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GP Week : Issue 165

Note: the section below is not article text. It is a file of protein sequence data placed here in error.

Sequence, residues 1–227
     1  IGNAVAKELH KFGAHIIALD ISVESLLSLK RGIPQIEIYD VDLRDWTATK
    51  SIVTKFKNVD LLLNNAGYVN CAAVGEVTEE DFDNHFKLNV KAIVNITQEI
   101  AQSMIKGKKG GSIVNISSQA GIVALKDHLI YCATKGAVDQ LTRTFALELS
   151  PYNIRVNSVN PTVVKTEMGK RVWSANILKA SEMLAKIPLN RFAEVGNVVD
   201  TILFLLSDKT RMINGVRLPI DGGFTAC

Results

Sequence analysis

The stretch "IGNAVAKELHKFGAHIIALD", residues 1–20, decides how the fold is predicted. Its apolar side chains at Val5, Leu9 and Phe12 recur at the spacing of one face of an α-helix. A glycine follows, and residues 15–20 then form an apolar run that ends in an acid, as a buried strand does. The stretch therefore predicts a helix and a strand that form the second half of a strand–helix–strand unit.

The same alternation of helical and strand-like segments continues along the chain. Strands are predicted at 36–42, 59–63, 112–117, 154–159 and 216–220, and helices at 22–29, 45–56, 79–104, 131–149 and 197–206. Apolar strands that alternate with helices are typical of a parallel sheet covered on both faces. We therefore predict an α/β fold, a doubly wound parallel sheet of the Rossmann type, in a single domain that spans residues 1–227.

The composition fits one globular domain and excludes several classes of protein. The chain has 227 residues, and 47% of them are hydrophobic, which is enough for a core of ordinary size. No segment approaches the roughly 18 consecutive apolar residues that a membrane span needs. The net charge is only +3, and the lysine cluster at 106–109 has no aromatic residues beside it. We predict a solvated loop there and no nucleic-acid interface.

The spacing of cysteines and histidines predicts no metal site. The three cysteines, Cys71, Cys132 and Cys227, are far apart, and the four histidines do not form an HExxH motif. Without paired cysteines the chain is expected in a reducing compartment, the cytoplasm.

BRIEFLY » Fans of F1 technology were left disappointed this weekend when Lotus elected not to run their hotly-anticipated version of the double-DRS system pioneered by Mercedes, and which Lotus technical director James Allison refers to as The Device. Thanks to Friday’s torrential rains, the team did not get enough data to guarantee the reliability of The Device, which will now make its racing debut in Suzuka. “[Friday’s] rain also prevented us from seeing how the ‘Device’ would perform in the expected race conditions,” Allison said. “With discretion being the better part of valour, we will conduct P3 tomorrow with a conventional aero package rather than attempting to squeeze Friday’s intended evaluation into the precious final practice session. On the plus side, we learned today that the cars are working fine, and we’re happy to end the day with no damage from running in these difficult conditions.” » F1 supremo Bernie Ecclestone took advantage of the summer break to marry Brazilian girlfriend Fabiana Flosi. The wedding – Ecclestone’s third – took place at Le Lion, his private chalet in the exclusive Swiss resort town of Gstaad. It was a low-key ceremony, and conspicuous only by the absence of Tamara and Petra, Ecclestone’s daughters from his second marriage. F1 >>> NEWS The Indian Supreme Court this week ordered Sahara – part owners of the Force India Formula One team – to repay more than $3 billion to a group of their investors after the Court found that Sahara's fundraising violated Indian securities regulations. More than 22 million private individuals invested $3.18 billion with Sahara between 2008 and 2011 in lieu of depositing their money in banks. According to Reuters, the bulk of those investors came from poor and rural areas with low banking penetration, and had been inspired to invest in the brand following its high-profile involvement in Indian sport, primarily cricket. “They see Sahara on television everyday as sponsor of the cricket team and that leads them to believe that this is the best company,” a spokesman for the Investors and Consumers Guidance Cell, a consumer activist group, told Reuters this week. In addition to reimbursing their investors the full sum of their original deposits, the Supreme Court also demanded that Sahara pay 15 percent interest on the monies received. Repayments must be completed within three months, and will be overseen by a state-appointed regulator. If the sums due are not repaid in time, the Indian government will authorise the sale of Sahara’s assets until all investors have been reimbursed. According to Judge KS Radhakrishnan, who oversaw the judgment, Sahara had “no right to collect” monies as they did, “without complying with any regulatory provisions” and “without any sense of responsibility to maintain records. ... One is compelled to record that the whole affair seems to be doubtful, dubious, and questionable.” But a Sahara corporate statement issued following the hearing claimed that the company had been a victim of the Indian government’s crackdown on corruption and cronyism, and that they had been erroneously made an example of by a court that refused to accept Sahara’s investors were rural Indians. “For the past seven to eight years, we have faced the onslaught of various authorities since they concluded whimsically...that the deposits and investments we have received from the public are fictitious and bogus as they feel the money with us is ill-gotten from politicians,” the statement read. Sahara have been part-owners of Force India since October 2011, and the company’s investment has been critical to the budget of the Silverstone-based team ever since. While the full effect of the Indian court judgement on the race team has yet to be determined, it is to be assumed that belts will be tightened unless a new source of funding can be found. SAHARA FORCE INDIA IN A FINANCIAL DESERT? 8 GPWEEK.com // PARTNERS: